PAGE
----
Cognitive. The cognitive component is the thoughtful and thinking aspect of our attitudes. People’s opinions toward an object or subject can be developed based solely on insightful and process-based thinking. (Stephenson, 2009) That is probably the reason why TV commercials are different on weekends than those during the weekdays.

Recommendations

By understanding what employee attitudes are and how they are structured, the enterprise can get valuable clues into how to tailor its information security policies and practices to have more impact on its employees. Some of them are:

  1. Reciprocity: The enterprise could use natural need to reciprocate by offering inexpensive “favors” or “gifts” as part of the security awareness program.
  2. Cognitive Dissonance: By making information security requirements mandatory and consistent, the enterprise will find that over the long-term, user dissatisfaction towards a security element will wane and positive attitude change toward the program may occur as a result of cognitive dissonance. (Chun, 2011)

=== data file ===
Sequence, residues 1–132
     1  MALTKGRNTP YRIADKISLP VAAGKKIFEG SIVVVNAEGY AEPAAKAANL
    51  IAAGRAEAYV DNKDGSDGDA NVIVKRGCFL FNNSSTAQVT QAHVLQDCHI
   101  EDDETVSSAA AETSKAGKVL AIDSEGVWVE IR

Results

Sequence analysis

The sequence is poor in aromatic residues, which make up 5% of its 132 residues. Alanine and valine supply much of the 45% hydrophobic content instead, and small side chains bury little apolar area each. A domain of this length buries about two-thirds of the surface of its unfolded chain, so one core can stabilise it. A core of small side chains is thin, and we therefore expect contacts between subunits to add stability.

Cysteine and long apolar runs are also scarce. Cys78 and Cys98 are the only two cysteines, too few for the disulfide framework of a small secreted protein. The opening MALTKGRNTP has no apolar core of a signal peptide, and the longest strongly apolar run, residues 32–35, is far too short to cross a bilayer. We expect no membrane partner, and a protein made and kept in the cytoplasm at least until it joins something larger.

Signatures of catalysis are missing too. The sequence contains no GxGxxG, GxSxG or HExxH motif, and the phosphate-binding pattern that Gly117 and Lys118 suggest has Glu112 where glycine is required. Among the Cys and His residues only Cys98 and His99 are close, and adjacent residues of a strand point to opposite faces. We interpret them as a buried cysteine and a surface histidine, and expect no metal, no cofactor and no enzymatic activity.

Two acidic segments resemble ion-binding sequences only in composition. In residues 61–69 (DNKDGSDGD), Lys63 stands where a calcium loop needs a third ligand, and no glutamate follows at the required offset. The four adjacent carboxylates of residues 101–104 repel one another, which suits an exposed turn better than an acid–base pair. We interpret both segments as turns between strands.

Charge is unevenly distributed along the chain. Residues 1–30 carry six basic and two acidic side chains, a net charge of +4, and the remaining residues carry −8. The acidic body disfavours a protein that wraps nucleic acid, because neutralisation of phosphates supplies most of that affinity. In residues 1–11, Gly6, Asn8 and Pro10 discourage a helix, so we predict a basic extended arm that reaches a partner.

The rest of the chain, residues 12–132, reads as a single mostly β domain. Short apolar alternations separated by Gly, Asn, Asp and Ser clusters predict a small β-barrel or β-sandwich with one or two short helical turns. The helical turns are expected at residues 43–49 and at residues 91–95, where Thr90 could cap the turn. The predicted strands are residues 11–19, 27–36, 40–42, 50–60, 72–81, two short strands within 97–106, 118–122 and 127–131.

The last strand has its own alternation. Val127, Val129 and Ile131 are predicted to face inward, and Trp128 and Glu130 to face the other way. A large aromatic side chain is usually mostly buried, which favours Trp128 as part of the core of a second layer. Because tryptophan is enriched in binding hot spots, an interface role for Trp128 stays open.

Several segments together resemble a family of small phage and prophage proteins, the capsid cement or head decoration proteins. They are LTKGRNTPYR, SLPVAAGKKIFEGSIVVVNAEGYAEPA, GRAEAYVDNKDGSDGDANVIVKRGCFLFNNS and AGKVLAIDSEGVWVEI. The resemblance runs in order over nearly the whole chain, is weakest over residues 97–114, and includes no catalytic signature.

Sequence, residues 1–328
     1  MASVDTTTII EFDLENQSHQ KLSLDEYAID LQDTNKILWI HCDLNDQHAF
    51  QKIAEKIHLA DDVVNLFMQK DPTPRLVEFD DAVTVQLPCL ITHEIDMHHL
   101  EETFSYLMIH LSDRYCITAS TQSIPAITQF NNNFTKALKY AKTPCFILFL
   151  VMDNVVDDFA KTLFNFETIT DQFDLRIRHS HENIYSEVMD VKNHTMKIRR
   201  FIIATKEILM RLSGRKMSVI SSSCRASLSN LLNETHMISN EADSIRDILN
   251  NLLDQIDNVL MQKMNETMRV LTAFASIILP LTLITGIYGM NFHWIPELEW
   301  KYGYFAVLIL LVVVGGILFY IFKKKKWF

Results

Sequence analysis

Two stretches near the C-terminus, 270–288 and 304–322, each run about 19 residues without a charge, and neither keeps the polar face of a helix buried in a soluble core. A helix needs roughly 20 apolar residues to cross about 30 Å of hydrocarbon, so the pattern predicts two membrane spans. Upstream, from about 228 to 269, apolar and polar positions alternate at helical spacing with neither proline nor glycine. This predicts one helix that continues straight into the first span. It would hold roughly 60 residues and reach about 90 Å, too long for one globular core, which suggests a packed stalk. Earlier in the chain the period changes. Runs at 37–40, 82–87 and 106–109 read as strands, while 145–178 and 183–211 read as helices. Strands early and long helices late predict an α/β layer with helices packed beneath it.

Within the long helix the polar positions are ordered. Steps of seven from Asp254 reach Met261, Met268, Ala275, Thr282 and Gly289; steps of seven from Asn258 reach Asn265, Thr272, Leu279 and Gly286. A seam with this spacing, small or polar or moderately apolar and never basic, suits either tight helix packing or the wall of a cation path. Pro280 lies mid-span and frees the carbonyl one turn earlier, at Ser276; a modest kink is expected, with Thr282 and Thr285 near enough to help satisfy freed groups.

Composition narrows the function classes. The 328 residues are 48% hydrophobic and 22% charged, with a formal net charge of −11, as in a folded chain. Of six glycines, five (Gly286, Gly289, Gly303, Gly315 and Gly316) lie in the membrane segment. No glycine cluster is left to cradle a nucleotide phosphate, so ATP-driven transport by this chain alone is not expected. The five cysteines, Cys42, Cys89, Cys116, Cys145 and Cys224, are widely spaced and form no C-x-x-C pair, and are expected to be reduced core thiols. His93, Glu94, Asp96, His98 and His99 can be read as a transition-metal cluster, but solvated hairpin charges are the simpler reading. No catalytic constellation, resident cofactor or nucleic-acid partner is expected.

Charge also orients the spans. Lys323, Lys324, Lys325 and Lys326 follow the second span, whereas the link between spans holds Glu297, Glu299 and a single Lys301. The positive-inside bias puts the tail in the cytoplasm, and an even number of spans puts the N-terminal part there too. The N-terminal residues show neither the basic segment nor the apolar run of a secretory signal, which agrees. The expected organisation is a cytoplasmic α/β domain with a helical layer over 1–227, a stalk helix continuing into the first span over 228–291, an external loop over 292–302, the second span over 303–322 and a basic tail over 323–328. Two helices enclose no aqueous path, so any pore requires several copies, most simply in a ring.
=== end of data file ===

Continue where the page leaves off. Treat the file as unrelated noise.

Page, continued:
3. Diffusion of Responsibility: The security awareness program should help to make every employee understand that information security is everyone’s problem. It should describe how the information security program is of practical importance to the organization’s interests, operation, and security.
  4. Individualization: Describe how the security awareness program is intended to be relevant to the employee on a personal level. Help the employee understand the personal benefits when the employer is secure and how the knowledge benefits beyond their work.
  5. Group Polarization: The enterprise should ensure the group dynamics of its employee is steered to a positive attitude towards information security.
  6. Obedience to Authority: The enterprise would have better success in implementing its policies, standards, and procedures if they are blessed and communicated from the executive office.
  7. Familiarity and Repeated Exposure: Even if there is initial resistance to a program or procedure, the enterprise should ensure that employees have repeated exposure to the various components, policies, and rationales for the program. The repeated exposure will help in changing end-user attitudes.

Conclusion